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Bank of Industry – Transforming Nigeria’s industrial sector


Rasheed Olaoluwa, MD BoI

Rasheed Olaoluwa, MD BoI

The Bank of Industry believes there is a need to shift away from dependence on oil as the main revenue earner towards agriculture and mining. Recently, the bank convened a one-day sensitization forum on solid minerals in Abuja to task key stakeholders in the sector to develop strategies in the sector to position the country to convert its rich mineral resources to economic advantage.

According to Rasheed Olaoluwa, Managing Director, Bank of Industry (BOI), the bank’s objective was to re-examine the strategy for developing the solid minerals sector and to explore means of mitigating the numerous challenges inhibiting the sector from contributing significantly to Nigeria’s economic development. He added that the forum was also designed to look at how the sector could be made attractive to local and foreign investors, while exploring the most efficient ways of dicovering opportunities, especially in the mining and the quarry sub-sectors.

Olaoluwa emphasized the importance of the sector, especially in light of the current global economic crises caused by falling oil prices. In his words, “before independence Nigeria had a solid mining industry. However, from 1970s, the economy started relying extensively on petroleum. The dwindling oil reserves have made it imperative for Nigeria to refocus its attention on the abundant and existing minerals towards poverty alleviation, economic empowerment and job creation as recommended by the United Nations Economic Commission for Africa in its 2013 Report”.
He highlighted the bank’s contribution so far to the sector in terms of funding, stating that this had been made possible by the bank’s alignment of its operations with the strategic objectives of the Nigerian Industrial Revolution Plan (NIRP), which identified solid minerals as the sector which Nigeria has comparative advantage and as a key sector to achieving industrialization in the country.

Recently, BOI scaled the assessment for ISO 9001: 2008 Quality Management Systems Certification, making it the first and only DFI in Nigeria to be so certified and in record time. The certification according to DQS Management Systems Nigeria Limited, a leading certification body with global recognition and subsidiary of DQS Holdings Gmbh, Germany was in acknowledgement of BOI’s transformation of its activities in terms of raising its standards of operations, policies and excellent customer relationship in Nigeria.

Concerning the rationale behind the Local Content Initiative, Olaoluwa insisted that it is very essential and imperative for us to begin to drive domestic real sector development because no country has developed without some form of consciousness to get the local entrepreneurs involved in the key sectors.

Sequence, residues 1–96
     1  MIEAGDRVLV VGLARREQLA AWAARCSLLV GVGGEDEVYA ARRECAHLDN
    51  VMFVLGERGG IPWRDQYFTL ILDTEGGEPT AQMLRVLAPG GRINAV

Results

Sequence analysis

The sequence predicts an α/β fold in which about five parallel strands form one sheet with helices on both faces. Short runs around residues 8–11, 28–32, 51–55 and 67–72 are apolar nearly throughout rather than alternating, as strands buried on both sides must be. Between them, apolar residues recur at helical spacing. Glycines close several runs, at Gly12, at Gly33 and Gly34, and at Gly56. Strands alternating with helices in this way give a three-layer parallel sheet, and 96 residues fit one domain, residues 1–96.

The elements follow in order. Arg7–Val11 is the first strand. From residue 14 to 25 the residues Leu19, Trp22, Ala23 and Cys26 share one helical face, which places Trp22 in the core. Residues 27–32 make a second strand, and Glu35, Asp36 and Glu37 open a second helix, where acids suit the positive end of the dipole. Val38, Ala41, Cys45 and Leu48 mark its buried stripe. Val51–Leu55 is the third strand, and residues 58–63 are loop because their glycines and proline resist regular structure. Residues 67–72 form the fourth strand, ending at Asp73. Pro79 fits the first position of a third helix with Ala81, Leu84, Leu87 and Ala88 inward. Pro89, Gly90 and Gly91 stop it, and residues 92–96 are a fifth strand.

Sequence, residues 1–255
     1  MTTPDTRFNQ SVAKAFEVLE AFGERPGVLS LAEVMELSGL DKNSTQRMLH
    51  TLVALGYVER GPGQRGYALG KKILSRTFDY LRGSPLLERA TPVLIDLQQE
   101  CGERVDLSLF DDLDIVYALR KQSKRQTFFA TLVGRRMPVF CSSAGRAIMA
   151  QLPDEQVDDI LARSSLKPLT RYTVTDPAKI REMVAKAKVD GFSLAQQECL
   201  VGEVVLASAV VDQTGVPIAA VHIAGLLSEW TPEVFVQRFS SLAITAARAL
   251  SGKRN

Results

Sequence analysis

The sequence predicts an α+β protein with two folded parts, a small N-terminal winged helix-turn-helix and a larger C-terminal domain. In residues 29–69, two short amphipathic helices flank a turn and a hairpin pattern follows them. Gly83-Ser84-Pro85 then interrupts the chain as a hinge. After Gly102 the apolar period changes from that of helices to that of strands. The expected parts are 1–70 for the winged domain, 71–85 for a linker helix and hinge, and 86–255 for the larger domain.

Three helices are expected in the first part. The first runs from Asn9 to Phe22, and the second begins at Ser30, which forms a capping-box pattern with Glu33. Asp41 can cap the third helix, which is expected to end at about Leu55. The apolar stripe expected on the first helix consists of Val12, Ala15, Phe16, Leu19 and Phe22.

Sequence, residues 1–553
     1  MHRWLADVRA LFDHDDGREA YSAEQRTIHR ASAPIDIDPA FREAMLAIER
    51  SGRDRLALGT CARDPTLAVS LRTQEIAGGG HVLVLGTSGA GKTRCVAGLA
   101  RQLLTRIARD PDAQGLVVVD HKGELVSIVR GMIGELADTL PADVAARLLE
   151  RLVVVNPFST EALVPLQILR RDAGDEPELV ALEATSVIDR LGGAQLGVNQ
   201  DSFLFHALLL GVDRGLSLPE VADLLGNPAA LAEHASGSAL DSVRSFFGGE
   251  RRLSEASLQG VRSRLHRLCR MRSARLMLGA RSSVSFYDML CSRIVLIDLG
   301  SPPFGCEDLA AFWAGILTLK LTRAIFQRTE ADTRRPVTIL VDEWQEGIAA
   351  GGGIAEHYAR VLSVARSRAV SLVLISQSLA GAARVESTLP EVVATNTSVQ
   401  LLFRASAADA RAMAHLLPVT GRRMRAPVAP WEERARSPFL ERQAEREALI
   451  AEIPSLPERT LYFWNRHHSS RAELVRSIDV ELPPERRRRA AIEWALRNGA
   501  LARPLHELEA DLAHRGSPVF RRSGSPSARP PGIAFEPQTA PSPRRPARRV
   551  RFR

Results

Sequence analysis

He explained that the local content initiative can be traced to the first Secretary of the United States of America, Mr. Alexander Hamilton who developed a policy which essentially recommended the protection of U.S domestic producers. This was contrary to the then popular opinion led by the renowned British Economist, Adam Smith who suggested that the United States, being an agrarian economy, should focus more on agriculture where the country has more comparative advantage.
Hamilton formulated and championed the policies that heralded the development of United States of America’s industrial base. Besides the U.S, other countries such as Canada, Sweden, Australia, New Zealand, developed their economies on the strength protecting local producers, subsidizing production and promulgating policies that discourage foreign imports.
On this basis, it was the right thing to do. The idea was to give room for the Nigerian players with the emphasis on local production which can be done to create opportunities and values for Nigerians”, he added.

As an Oil and Gas Industry Initiative, the policy is fairly comprehensive but the challenge has always been that of implementation. The Honourable Minister of Petroleum has an important role to play in implementing the Act. There are a number of services that were identified to be ceded to the Nigerian players. The only exception was an approval by the petroleum minister for an oil company to engage a foreign firm on a particular project. Unfortunately, based on what has happened so far, it appears many of such waivers were granted without recourse to the Nigerian producers.

At BOI, approval for application for facility depends significantly on Nigerian ownership. This is because Nigerians need to begin to get some advantages in BOI. Our loans go to people who want to produce – real sector value addition, only. We do not give loans to traders.

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